Just after you bought that Kindle and said yes to convert the credit card outstanding into equated monthly installments, you realize that you have several parallel loans running. Home, car, gadget and even on that Levi’s you just had to buy. Ever wondered if there is a prepayment heirarchcy that you can follow? Should you decide to do the right thing and begin prepaying loans, instead of taking the bonus and going for a Bali holiday? Here’s a strategy for deciding which loan to prepay first.
Costliest loan first:
“Costliest loans, such as credit card should be paid off first,” says Jaishank Gupta, certified financial planner, Sykes and Ray Financial Planners, a Mumbai-based firm. There is no doubt that credit card debt is the most expensive, with rates as high as 45% per annum. Even within cards there is a heirarchy—pay off those that carry the highest rates of interst. Here’s something to remember: If you keep paying only the minimum amount due and keep rolling the credit, it would take you around seven years to pay off a balance of just Rs 5,000.
Loans without tax benefits
The next loan that should draw your attention is a personal loan or a car loan, whichever is more expensive. The current rates of interest on a personal loan are touching 28% per annum, but there are times in the interest rate cycle when these dip to about 13%. If you are sitting on a car loan of 15% at that point, it would make sense to pay off the car loan first and then tackle the personal loan. But remember that the car loan may come with a prepayment penalty, usually 2% or as high as 5%. In such a case, it does not make sense to prepay a car loan. Both these loans offer no tax benefit and should be paid off if interest rates rise too high. “High interest rate loans which do not offer a tax benefit such as a credit card and car loan should be paid first,” says Gupta.
Also See | Prepayment hierarchy (PDF)
Loans that offer tax benefits: Once you’ve taken care of costlier loans which do not offer any kind of tax benefits, then look into loans that offer a tax benefit. The tax benefit makes the effective interest rate lower.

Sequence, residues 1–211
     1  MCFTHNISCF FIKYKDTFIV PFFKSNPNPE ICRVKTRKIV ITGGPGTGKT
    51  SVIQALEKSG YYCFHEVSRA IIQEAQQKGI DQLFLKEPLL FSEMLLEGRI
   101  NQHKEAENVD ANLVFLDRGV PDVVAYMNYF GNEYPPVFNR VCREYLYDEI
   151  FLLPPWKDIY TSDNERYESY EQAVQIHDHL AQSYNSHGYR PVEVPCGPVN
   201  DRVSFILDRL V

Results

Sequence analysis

Jayant Pai, certified financial planner and vice-president, Parag Parekh Financial Advisory Services Ltd, says, “Education loan is not a very expensive loan and also offers income-tax benefit, hence it must be paid after the credit card, personal loan and car loan.” Interest rate on an education loan may vary in the range of 13-14% per annum, so it must be paid before a home loan which usually carries a lower interest rate and higher tax benefit. In terms of tenure and interest rates, education loan falls between car and home loans. For an education loan, you are eligible for a tax deduction under section 80E of the Income-tax Act. You get the benefit of tax deduction on the interest part of the loan you pay. Though, you will be not get any tax benefit on the principle repayment of the loan, there is no cap on the deduction amount for the interest amount you pay.
Home loan: The last loan you prepay is the home loan. This loan runs the longest, usually for 15-20 years. Ranjit Dani, a Nagpur-based certified financial planner, says: “It is a long-term loan and it also gives a tax benefit on both the principal as well as the interest amount.” Under section 80C of the Income-tax Act, the principle repayment of up to Rs 1 lakh can be used as a deduction. Under section 24 of the Act, you can get deduction up to Rs 1.5 lakh for interest payment. In fact if you hold the house jointly with your spouse, both of you can get tax benefits for the principle as well as the interest amount. And if you rent the house out, the entire interest amount you pay is tax deductible. A high net worth borrower should not prepay the home loan, especially during high inflation, since it brings the real cost of the loan down to almost zero as inflation reduces the value of each rupee of the equated monthly installment.
Things to keep in mind: “Two things to keep in mind while choosing the prepayment hierarchy is: first, the cost of the loan, as in the interest rate, prepayment penalty if any; and second, the tax benefits on the loan,” says Pai. Remember that most financial planners say that prepaying any loan is always a good idea to reduce risk in your financial life. In case you cannot prepay the entire loan amount in one shot, it still makes sense to prepay at least a part.
Illustration by Jayachandran/Mint